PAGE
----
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Issue Date: April 2013, Posted On: 4/16/2013

Romulus builds on success with $50M fund

By Martin Desmarais
The founders of Romulus Capital truly believe that the world's next great companies are emerging out of the efforts of students at top universities — and they should know as their venture capital firm was started when most of them were still in college. Krishna Gupta, Anantshree Chaturvedi and Cankut Durgun co-founded Romulus Capital in 2008, while Gupta and Durgun were at the Massachusetts Institute of Technology. The firm launched as a seed-stage venture capital firm raising a $1 million fund to invest in startups, particularly those launched out of MIT and Harvard University. Now, more than a dozen companies later, Romulus is raising a second much larger fund of $50 million to continue the firm's work, which has clearly struck a rich vein in the startup world.

According to Gupta, Romulus' success in mining entrepreneurial ambition from the college environment has necessitated raising a much larger fund. For one, the model of backing seed-stage technology companies from some of the brightest young minds in the world has proven to work and, for another, the firm wants a way to continue to back some of its initial investments and help the startups continue to grow.

Romulus started raising money for its second fund last summer. "We've raised a significant portion of the fund and our fund-raising is going well," said Gupta. He added that the goal is to close the fund by this summer.

The firm has already started investing out of its second fund — making four follow-on investments in its portfolio companies, including a recent $2 million investment in a company called El la Carte, in which Romulus was the first investor.

Gupta said that the new fund will be used to fund more startups in Romulus' portfolio, but should, ultimately, lead to investments in 25 to 30 new companies.

Companies that the firm has already invested in include: Allurion Technologies, Crocodoc, Dashbid, Gyft, Placester, The Tap Lab and Zigfu.

Gupta believes Romulus has struck a nerve in the investing industry because there are not many firms looking to help companies launch out of university ecosystems. Though he admits more and more firms are starting to pay attention to this environment, in 2008 when Romulus kicked off it was a pretty novel idea.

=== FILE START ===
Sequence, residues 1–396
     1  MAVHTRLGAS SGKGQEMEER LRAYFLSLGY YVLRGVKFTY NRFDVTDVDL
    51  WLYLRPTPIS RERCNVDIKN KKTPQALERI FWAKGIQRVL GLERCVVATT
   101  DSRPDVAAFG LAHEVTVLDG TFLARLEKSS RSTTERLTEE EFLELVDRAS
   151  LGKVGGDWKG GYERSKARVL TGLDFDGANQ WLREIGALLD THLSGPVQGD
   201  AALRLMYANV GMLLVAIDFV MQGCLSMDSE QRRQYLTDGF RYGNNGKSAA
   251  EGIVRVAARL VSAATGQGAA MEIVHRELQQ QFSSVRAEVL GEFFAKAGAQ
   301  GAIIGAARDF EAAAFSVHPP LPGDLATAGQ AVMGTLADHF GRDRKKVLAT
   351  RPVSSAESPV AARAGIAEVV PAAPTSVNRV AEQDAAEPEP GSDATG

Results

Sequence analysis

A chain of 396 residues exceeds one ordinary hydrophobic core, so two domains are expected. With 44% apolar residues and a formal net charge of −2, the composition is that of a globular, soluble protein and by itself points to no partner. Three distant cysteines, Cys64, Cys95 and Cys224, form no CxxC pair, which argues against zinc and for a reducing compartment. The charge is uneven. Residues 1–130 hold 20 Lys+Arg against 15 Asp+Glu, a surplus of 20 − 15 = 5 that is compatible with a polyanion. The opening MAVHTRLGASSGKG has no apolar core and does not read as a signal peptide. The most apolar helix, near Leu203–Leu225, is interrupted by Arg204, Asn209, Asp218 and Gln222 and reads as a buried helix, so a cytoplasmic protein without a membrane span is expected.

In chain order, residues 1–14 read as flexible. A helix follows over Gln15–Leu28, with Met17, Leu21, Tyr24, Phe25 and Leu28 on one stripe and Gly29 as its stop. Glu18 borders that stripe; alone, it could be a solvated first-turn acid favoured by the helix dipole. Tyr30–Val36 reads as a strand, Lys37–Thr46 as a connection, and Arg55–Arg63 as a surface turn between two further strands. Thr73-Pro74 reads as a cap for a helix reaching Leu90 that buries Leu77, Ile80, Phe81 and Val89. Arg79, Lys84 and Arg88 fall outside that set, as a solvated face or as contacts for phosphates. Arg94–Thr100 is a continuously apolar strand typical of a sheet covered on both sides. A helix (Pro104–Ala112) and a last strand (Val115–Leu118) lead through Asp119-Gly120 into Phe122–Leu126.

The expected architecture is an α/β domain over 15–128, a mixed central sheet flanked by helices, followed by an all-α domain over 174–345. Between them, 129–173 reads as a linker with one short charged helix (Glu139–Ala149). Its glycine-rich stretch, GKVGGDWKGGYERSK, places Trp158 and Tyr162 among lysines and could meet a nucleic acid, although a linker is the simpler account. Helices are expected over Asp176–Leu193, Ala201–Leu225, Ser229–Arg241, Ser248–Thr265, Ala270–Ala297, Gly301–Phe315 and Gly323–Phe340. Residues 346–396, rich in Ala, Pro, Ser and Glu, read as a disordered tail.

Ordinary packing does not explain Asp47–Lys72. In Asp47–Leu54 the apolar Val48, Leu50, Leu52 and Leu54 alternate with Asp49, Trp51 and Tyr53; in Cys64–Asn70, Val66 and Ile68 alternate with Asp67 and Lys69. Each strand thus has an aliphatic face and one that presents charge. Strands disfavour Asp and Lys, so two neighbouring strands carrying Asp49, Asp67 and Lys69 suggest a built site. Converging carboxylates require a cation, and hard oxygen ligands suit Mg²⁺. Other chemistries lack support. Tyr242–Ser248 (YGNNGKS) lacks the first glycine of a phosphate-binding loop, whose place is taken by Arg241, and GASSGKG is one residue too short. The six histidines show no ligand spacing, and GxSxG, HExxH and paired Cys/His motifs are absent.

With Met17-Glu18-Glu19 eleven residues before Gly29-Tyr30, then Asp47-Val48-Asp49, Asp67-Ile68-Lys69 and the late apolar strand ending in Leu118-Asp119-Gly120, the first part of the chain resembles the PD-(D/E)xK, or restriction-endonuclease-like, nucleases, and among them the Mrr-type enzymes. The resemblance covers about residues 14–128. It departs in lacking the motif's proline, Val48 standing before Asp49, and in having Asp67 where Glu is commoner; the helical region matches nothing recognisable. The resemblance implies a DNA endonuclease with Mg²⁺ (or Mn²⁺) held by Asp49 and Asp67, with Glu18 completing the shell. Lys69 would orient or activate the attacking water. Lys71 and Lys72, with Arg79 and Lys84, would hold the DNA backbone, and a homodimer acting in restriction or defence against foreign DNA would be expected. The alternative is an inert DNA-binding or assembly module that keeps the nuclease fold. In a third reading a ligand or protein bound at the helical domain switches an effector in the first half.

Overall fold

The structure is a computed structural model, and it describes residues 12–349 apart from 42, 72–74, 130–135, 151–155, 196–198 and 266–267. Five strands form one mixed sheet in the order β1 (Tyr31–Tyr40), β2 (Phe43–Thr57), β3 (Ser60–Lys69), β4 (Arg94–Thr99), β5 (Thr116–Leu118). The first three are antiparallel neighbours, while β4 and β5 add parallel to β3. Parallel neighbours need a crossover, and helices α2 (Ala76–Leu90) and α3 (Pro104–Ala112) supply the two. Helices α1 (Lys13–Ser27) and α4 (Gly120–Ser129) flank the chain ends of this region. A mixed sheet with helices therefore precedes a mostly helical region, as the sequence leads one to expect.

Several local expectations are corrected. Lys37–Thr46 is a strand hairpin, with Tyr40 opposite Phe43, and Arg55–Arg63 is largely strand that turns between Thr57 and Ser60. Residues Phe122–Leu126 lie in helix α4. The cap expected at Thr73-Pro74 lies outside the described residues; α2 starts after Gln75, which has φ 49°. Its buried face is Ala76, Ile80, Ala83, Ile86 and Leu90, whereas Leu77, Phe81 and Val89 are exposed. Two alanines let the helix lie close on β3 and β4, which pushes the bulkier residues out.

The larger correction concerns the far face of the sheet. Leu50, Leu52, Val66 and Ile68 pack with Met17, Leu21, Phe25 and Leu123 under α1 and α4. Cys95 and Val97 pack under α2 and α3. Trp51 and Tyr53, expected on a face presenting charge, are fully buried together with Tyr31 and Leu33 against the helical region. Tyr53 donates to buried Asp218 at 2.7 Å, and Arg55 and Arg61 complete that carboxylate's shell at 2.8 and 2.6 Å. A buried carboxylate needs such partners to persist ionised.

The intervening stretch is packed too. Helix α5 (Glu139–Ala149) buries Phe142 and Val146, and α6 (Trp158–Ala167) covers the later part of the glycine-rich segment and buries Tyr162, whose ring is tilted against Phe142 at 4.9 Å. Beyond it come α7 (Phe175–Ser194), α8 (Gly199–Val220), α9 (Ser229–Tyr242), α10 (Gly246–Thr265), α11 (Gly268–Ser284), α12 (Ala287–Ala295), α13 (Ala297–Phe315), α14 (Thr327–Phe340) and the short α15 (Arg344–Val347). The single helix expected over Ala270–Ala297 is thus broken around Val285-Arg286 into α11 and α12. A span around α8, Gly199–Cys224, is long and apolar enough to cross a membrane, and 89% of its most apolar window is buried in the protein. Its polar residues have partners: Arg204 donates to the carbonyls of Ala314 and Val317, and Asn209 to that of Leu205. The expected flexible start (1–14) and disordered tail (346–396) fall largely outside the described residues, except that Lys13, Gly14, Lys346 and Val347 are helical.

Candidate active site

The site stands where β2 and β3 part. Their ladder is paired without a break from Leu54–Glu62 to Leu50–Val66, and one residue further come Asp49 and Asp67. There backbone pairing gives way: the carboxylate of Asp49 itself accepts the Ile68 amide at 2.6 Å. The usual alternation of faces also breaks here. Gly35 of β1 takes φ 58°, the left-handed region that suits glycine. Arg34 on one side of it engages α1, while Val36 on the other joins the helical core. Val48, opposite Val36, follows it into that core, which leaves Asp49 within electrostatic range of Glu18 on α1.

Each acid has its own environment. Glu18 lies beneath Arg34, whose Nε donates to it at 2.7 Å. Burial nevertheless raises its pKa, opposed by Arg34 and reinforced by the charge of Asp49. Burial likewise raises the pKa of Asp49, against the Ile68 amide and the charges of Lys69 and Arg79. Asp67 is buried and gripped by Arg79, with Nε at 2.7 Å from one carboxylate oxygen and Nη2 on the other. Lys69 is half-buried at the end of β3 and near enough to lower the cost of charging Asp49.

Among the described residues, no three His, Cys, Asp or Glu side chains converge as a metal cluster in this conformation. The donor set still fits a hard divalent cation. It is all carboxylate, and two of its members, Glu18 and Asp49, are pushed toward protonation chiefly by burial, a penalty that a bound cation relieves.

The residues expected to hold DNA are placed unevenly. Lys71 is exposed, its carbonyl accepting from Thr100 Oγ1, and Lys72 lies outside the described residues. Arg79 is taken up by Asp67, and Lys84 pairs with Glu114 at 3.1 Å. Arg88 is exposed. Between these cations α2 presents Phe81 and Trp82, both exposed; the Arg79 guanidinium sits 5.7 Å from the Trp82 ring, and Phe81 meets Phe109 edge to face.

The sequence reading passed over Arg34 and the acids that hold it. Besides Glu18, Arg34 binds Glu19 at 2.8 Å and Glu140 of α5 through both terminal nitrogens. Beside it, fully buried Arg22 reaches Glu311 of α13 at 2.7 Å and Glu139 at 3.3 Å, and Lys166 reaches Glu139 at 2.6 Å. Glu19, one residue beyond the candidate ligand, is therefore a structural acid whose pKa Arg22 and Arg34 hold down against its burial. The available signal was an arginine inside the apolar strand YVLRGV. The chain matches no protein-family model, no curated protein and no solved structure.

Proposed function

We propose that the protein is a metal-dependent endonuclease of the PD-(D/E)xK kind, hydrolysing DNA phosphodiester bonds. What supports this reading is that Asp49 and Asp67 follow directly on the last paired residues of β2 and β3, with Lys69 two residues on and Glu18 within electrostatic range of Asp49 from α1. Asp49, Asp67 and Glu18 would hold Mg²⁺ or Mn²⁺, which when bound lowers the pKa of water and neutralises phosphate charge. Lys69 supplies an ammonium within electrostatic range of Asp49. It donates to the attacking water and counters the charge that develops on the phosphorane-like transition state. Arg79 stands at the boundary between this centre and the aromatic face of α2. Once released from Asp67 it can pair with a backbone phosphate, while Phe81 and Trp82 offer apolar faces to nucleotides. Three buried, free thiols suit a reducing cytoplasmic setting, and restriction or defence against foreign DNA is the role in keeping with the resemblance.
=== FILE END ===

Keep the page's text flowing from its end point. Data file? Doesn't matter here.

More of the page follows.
According to him, the Romulus founders just saw so much innovation at MIT leading to student startups, but a lack of capital and support to really get them off the ground.

"The large VCs they don't exist in this space," Gupta said. "Angels put in money but they can't do anything behind that — they can't provide support."

This is what Romulus has done in its first four years of business — put in seed money and supported startups to help them grow.

Gupta said that the new fund will not change that, but will allow the firm to continue to be involved as startups continue to mature.

"As they grow and need more capital we will be able to be there and invest more money. ... You need to continue to support with capital over time," he said. "For us, we are business builders. We want to be there right from the beginning to help them build their business.

"We were always focused on business building ... when it comes to actually following up with additional capital we had not been able to do that because the fund was too small ... but we always kind of planned that we would grow as a firm. And the timing just made sense now," he added. "We have invested in some great companies. ... If you look at the companies in our portfolio a lot of those companies have raised additional money from top tier firms."

Now with its second, larger fund, Romulus can also play in the additional investment game.

Romulus will also continue to focus on the university ecosystem, which is its bread-and-butter. "We are still very much connected to the academic environment ... We look at universities as key incubators for us," Gupta said.

Headquartered out of Boston, Romulus will also focus on New York, and while it may consider some companies on the West Coast, it will be mostly be East Coast focused, according to Gupta.

Romulus has brought on Neil Chheda to run the second fund. Chheda joined the firm about a year ago from Zynga and while there worked on the massively popular online game Farmville. He previously founded and sold a health-care company. He also founded and managed a small private equity firm that invests in health-care markets and worked for McKinsey & Co., as well as Kleiner Perkins. Chheda is a graduate of Yale University and has a MBA from Harvard Business School.